Tarantella Ristorante sends gourmet gondolas full of authentic cuisine representing all regions of Italy sailing into rumbling belly canals. The creamy bow-tie pasta of farfalle piemontese graces naked collars with tasty evening wear (lunch $9.95, dinner $13.95), and the lunch-specialty flattened chicken-parmigiana panini comes with a fresh garnish salad ($9.95). Crispy thin-crust pizzas ($10.95–$14.95), such as the mozzarella and mushroom covered funghi ($10.95), please the palates of dinner diners and double as makeshift manhole covers.
Michael Gordon and Vaughan Lazar wanted to make an impression without leaving behind an imprint. Noticing an apparent lack of casual organically inclined restaurants, the duo decided to create an eco-friendly eatery that featured familiar pizzeria staples with a socially responsible twist. Each pizza begins as a disc of freshly kneaded dough made with organic grains and flour and a layer of zesty sauce that contains an also-organic blend of vine-ripened tomatoes, herbs, and spices. The chefs also source ingredients from local producers to populate a menu of two dozen topping options, including free-range chicken, portobello mushrooms, and soy mozzarella. Along with these pizzas, they create sandwiches and salads that appeal to vegan and gluten-free diets.
In addition to working almost exclusively with suppliers and producers that value environmental sustainability, Pizza Fusion adheres to eco-conscious practices at each of its locations. The staff recycles every pizza box it can and serves food in cornstarch-based containers that biodegrade in as little as 50 days. Even the buildings minimize their environmental impact by recycling heat from the ovens and using it to warm the restaurants and prevent snowman infestations.
Pies slathered in homemade sauce bake to a crisp, golden finish over hot embers inside ovens at Giovanni's Coal Fire Pizza. 15 homemade Italian dinners, authentic pastas, chicken dishes, sandwiches, and salads top tables inside both locations, which each sport exposed-brick walls and a bevy of flat-screen televisions.
Jimmy Jax sports saucy and savory lunch and dinner menus that boast a boney bounty of baby-back ribs from the award-winning ribsperts at Michelbob’s ($9.99 half rack, $14.99 full rack), alongside other sauceable, sliceable palate pleasers. Chomp down on a Chicago-style thin-crust or new deep dish pizza loaded with cheeses imported from Italy and Wisconsin ($7.99–$14.99 for thin-crust or $10.99–$18.99 for deep dish) and covered with your choice of tasty toppings ($1.49 each), ranging from Italian sausage and Genoa salami to ethnically ambiguous tomatoes, green peppers, and anchovies. Lunch and dinner plates include comforting mouthfuls of smoked barbecue pulled pork ($7.99) and melt-iculously viscid five-cheese macaroni ($7.99 dinner), and suppertime combos ($11.99) pair the restaurant's signature rib-sticking rib racks with one of six other signature tastes (served with a garlic knot and choice of three sides).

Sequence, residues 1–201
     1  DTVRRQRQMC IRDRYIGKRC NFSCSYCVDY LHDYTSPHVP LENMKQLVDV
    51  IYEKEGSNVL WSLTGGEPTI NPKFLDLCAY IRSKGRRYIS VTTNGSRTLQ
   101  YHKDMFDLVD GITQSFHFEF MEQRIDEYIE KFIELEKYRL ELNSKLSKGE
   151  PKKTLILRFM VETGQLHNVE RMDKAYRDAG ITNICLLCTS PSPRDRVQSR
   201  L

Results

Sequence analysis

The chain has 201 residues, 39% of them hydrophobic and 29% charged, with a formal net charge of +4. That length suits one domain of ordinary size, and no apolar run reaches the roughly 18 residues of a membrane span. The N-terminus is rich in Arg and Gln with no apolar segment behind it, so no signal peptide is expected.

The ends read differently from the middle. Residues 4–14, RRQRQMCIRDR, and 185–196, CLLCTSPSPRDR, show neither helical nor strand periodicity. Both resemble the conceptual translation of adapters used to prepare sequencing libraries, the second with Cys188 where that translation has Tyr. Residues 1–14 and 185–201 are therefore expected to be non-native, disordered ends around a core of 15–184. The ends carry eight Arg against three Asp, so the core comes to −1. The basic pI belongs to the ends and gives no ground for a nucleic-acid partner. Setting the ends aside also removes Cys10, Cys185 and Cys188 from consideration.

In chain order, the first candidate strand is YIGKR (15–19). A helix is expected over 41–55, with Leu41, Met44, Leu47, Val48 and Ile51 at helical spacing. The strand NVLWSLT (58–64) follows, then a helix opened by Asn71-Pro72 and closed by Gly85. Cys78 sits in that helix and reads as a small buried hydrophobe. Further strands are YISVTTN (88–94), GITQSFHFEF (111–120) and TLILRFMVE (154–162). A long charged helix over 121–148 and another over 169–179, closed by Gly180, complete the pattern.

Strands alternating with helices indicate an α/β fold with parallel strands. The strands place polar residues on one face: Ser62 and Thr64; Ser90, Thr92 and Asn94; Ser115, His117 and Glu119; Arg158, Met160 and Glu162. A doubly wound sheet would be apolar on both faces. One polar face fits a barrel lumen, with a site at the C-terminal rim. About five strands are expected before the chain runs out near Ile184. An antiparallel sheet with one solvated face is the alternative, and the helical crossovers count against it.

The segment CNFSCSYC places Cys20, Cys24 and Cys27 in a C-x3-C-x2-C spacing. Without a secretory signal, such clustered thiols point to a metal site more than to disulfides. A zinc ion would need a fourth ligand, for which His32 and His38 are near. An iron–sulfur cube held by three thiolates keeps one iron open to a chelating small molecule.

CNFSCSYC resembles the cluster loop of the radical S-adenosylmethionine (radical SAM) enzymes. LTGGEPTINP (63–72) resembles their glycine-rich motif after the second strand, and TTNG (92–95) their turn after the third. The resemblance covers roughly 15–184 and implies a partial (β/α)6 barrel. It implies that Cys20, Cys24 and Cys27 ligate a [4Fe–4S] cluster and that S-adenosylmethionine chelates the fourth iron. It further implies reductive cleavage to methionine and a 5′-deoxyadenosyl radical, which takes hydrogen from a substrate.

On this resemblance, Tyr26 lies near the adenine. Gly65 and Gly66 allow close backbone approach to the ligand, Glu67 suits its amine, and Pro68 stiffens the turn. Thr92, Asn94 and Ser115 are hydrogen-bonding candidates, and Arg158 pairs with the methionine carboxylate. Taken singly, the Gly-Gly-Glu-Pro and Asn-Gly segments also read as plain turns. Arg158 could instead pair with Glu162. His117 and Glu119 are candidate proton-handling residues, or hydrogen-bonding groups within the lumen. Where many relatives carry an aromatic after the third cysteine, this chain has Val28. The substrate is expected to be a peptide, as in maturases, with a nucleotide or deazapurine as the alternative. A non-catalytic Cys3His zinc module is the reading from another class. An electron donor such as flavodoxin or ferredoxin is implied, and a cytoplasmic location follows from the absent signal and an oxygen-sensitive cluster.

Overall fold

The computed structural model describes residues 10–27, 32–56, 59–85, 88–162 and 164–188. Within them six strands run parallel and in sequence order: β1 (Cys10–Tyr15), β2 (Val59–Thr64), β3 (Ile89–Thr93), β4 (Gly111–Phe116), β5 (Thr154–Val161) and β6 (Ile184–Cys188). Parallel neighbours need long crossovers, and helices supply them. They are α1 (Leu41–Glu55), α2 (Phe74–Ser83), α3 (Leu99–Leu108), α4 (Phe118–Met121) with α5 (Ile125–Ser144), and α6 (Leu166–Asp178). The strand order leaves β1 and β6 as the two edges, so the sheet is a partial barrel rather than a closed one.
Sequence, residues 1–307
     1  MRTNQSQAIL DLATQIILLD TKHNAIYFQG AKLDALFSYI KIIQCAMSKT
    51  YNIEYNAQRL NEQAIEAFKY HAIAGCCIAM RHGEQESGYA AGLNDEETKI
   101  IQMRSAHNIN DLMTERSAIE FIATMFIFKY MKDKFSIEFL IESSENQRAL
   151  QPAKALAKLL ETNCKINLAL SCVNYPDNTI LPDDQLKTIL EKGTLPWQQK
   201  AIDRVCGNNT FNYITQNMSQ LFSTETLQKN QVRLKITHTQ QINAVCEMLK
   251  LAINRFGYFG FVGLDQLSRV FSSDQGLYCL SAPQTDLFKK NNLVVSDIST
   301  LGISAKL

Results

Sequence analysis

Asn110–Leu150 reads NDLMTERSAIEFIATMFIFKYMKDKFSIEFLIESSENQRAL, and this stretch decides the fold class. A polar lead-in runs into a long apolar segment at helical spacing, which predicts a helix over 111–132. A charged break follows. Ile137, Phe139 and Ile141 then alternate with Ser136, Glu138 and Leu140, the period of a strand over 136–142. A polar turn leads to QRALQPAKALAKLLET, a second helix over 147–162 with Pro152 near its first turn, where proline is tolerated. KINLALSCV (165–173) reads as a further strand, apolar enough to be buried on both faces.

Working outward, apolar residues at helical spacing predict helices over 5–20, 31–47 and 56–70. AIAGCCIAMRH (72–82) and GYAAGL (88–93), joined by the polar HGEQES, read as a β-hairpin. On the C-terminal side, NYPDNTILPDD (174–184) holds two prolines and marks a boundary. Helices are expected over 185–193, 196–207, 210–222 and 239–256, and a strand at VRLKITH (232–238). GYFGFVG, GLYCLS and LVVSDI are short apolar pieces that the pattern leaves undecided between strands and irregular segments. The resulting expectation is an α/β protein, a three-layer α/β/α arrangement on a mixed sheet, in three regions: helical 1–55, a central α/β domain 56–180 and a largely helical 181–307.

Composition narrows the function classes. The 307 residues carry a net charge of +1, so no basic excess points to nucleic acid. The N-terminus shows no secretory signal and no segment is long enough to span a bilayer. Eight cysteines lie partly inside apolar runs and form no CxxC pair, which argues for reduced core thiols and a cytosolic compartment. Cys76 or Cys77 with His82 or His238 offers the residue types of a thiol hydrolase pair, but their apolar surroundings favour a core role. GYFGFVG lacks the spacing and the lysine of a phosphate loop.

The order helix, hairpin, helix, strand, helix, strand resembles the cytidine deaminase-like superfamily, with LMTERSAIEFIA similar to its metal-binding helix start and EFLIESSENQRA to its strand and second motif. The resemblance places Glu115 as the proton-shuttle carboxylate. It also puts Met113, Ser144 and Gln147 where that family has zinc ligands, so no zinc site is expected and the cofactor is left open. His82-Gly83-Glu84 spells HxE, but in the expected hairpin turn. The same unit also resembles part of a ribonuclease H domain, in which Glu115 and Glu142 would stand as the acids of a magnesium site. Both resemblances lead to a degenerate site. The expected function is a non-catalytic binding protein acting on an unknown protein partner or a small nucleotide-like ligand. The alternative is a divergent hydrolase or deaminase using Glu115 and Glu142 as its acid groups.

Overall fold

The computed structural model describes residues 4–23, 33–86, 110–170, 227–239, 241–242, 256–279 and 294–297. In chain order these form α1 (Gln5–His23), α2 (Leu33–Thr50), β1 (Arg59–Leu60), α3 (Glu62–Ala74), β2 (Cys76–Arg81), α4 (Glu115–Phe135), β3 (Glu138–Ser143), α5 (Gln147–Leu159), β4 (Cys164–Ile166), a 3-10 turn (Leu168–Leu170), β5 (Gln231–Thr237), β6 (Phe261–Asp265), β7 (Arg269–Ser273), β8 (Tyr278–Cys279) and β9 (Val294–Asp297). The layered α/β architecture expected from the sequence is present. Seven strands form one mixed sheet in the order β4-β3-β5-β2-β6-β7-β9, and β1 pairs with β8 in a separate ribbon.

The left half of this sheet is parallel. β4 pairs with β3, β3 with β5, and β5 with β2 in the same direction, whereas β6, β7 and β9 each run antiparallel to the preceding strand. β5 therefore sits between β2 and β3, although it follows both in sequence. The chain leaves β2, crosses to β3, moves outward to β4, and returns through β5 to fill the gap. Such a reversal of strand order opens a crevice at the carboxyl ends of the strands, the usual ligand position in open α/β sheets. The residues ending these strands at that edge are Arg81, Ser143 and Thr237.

Although best known for its hand-tossed pizzas made from dough baked fresh daily, Esposito's Pizza complements its marinara-doused mandalas with a delectable array of Italianate appetizers and entrees. The Four Seasons pizza (14", $17.49) arranges a baroque quartet of artichoke, mushrooms, ham, and onion atop a stage of cheese, and the meat-combo pizza (14", $17.49) packs in enough animal flesh to legally be considered livestock. Otherwise, put an artist's signature on your own pizza ($8+) by pairing pepperoni, spinach, and mushrooms with more adventurous flavors such as pineapple, jalapeños, and moon rock. Esposito's accommodates boot-shaped appetites as well as circular ones with the Taste of Italy's tour of chicken-cutlet parmigiana, meatballs, and baked ziti ($15.95).
Owner Jeff Cohen can still be found manning The Pizza Loft’s line more than 30 years after its inception, dishing up a menu of made-to-order Italian cuisine in an ultramodern kitchen wholly devoid of deep fryers and microwaves. Crafted by hand and topped with a robust homemade tomato sauce, the Loft’s piping panoply of pizzas is doughy shores bedecked with 100% real dairy mozzarella, fresh veggies, and hearty servings of sliced meatballs, ham, and sausage ($10.95+). Diners can scale the lasagna’s precarious layers, fixing pickaxes into its meat-packed peaks while scooping up the aromatic avalanche of a rich mushroom sauce ($11.95+). Plates of eggplant parmigiana, like Italy's organically grown supermodels, tastefully swathe themselves in stylish shrouds of spaghetti noodles ($13.95), and penne pasta dishes come sautéed-to-order in fragrant lochs of garlic butter or alfredo sauce ($9.95+).